Published by Luc Galoppin, on 02/10/2010
From the previous generations there is no evidence that building more autonomy and purpose into our work environments may lead to happier and more productive people. Luckily times are changing and leaders have to get out of the way for their organizations to survive in the knowledge economy.
Behavioral science shows that we want to be self-directive. But the truth is that we are climbing out of the industrial revolution and simply don’t know how to redesign our workplaces for more autonomy. It is still tempting to believe that the best way to motivate people is with external rewards like money.
According to Daniel Pink that is a mistake. In his latest book Drive: The Surprising Truth About What Motivates Us, he builds on more than 40 years of research on motivation to prove that there are flaws in this thinking. But it is only now – when we can no longer deny the end of the industrial revolution and failing of ‘if-then motivation technology’ – that these insights are starting to make sense.
Carrots and Sticks
To understand why the carrot-and-stick logic is failing more and more we need to have a look at what drives people. Human beings are stimulated by a mix of drives: biological drives (we do things because we are hungry, thirsty, horny, etc.); a reward and punishment drive (the external reward to which we do respond very well) and a contribution drive (doing things because they are interesting and because they give us a feeling of belonging).
Over the past decades, ‘work’ as we know it since the industrial revolution has changed. In our knowledge economy, work is no longer repetitive, straightforward, well defined and rules-based. Yet, this is what all of the past generations in the world of work have been doing for a living and for a very long time.
Today’s work is increasingly non-routine. It requires a greater degree of creativity in order to solve the more complex challenges. The bad news is that carrot-and-stick motivators – which are very good when you need to follow a repetitive set of instructions – are no longer effective in this new context. According to Pink, this requires a different ‘technology for motivating people to do it’.
Pink also found that external rewards sometimes demotivate people. He calls them ‘if-then’ motivators. This means that they are very good at focusing our minds and directing our attention in a tight way. This is great to achieve specific and well defined goals. But when performing creative and conceptual tasks they are less effective. As Pink puts it: ‘this defies the laws of behavioral physics.’
Internal or External Rewards?
To cut this one short: you have to pay people enough. Frederick Herzberg’s Two Factor Theory (1959) is a ‘classic’ that is still proves to be valuable in this context. According to this theory, people are influenced by two factors. First, motivation factors, which help increase satisfaction but have little effect on dissatisfaction. Second, hygiene factors which, if absent or inadequate, cause dissatisfaction, but their presence has little effect on long-term satisfaction.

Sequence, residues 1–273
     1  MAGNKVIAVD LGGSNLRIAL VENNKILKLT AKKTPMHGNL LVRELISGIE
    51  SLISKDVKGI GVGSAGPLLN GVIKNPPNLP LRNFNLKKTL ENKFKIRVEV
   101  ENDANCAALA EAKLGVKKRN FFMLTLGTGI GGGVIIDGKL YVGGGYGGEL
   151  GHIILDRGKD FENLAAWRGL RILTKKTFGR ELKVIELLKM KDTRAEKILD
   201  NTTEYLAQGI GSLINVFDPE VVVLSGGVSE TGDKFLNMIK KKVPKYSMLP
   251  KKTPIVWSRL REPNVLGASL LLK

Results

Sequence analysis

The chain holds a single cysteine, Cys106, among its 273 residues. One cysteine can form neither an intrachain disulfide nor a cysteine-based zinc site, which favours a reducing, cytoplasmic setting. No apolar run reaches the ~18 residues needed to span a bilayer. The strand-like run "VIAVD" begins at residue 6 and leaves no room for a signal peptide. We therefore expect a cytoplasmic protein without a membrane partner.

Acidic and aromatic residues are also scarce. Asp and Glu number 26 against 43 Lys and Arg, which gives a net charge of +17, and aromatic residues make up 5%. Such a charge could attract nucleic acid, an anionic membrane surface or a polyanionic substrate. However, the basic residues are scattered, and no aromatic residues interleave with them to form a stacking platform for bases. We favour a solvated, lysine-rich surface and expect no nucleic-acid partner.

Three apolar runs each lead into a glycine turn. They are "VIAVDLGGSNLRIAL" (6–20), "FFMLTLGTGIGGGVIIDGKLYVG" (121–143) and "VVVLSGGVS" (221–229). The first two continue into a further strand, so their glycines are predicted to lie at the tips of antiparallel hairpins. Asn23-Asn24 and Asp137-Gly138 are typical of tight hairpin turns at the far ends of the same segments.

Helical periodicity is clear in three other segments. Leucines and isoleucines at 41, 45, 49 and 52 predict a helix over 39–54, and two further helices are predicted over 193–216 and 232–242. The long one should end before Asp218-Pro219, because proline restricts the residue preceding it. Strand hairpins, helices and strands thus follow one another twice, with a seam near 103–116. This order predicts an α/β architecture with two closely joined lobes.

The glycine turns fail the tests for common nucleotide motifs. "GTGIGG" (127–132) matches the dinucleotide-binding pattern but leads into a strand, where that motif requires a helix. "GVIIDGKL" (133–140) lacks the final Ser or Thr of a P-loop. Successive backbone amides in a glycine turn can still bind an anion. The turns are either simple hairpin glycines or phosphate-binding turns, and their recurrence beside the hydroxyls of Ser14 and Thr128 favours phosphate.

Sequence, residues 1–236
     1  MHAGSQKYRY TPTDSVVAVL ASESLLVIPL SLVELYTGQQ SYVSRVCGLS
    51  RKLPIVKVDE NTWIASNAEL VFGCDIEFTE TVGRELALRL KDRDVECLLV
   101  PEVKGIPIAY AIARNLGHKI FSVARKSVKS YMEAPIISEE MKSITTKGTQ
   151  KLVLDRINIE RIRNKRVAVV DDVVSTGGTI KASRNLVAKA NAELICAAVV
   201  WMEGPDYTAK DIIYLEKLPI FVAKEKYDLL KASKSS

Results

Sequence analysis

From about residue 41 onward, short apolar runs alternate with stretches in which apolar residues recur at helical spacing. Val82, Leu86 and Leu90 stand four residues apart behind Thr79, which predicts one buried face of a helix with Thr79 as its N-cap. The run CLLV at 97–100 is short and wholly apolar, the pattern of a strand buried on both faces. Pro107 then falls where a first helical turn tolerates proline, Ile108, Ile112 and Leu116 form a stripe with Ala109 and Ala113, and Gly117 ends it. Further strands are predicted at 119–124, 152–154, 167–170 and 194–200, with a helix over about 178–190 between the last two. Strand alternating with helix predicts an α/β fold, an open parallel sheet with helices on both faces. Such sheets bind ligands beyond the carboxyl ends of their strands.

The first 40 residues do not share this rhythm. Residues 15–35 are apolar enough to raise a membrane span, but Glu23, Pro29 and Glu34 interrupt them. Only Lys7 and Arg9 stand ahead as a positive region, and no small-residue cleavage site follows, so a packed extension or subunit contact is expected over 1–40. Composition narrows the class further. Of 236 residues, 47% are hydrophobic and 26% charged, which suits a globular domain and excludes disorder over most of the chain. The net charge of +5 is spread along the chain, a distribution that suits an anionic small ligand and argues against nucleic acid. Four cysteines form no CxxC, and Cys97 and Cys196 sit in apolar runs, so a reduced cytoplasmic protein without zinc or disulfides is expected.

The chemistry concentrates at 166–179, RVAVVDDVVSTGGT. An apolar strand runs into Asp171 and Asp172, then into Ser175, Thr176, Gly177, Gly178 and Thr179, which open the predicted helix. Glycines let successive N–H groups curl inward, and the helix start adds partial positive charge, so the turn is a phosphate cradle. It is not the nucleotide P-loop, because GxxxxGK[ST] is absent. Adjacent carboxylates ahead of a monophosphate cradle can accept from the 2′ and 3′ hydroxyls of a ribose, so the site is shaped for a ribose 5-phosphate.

The external reward of money is a hygiene factor; if you are not paying people enough, there will be no motivation. You have to pay people enough to get the issue of money off the table. If people are paid enough they can focus on the work. That is when you can switch to what Frederick Herzberg called the ‘motivators’: the factors which help increase performance.
But then, which rewards leads to enduring performance? To Dan Pink, the answer is pretty clear:
1. Autonomy: need to direct our own lives;
2. Mastery: the desire to learn and create new things;
3. Purpose: being in service of something that is larger than oneself
Note: these are all internal rewards and they call for managers and leader to replace control with trust; in other words: to get out of the way. The Atlassian example in the video above is an example of radical autonomy that reduces if-then motivation and infuses autonomy in the workplace.
Autonomy allows people to make progress and animates what people are doing with a greater sense of purpose. Instead of engineering elaborate incentive schemes, managers should recognize progress and shine a light on progress. In their book Switch: How to Change Things When Change Is Hard, Chip and Dan Heath refer to this as finding the ‘bright spots’ and using them actively for shaping the path.
It’s Not About Rewards, It’s About Progress!
And there is more. The biggest surprise in this debate comes from the research findings that suggest that rewarding is not the issue at all. What really motivates people is the sense of making progress!
In a recent article of Harvard Business Review, Teresa Amabile and Steven Kramer present the astonishing results of a multiyear study tracking the day-to-day activities, emotions, and motivation levels of hundreds of knowledge workers.
A close analysis of nearly 12,000 diary entries, together with the writers’ daily ratings of their motivation and emotions, shows that making progress in one’s work—even incremental progress—is more frequently associated with positive emotions and high motivation than any other workday event.
The authors conclude that managers have powerful influence over events that facilitate or undermine progress. They can provide meaningful goals, resources, and encouragement, and they can protect their people from irrelevant demands. Again, the great catchphrases of Jeff Jarvis – the Google evangelist – resonate here: First, be a platform; then, get out of the way!
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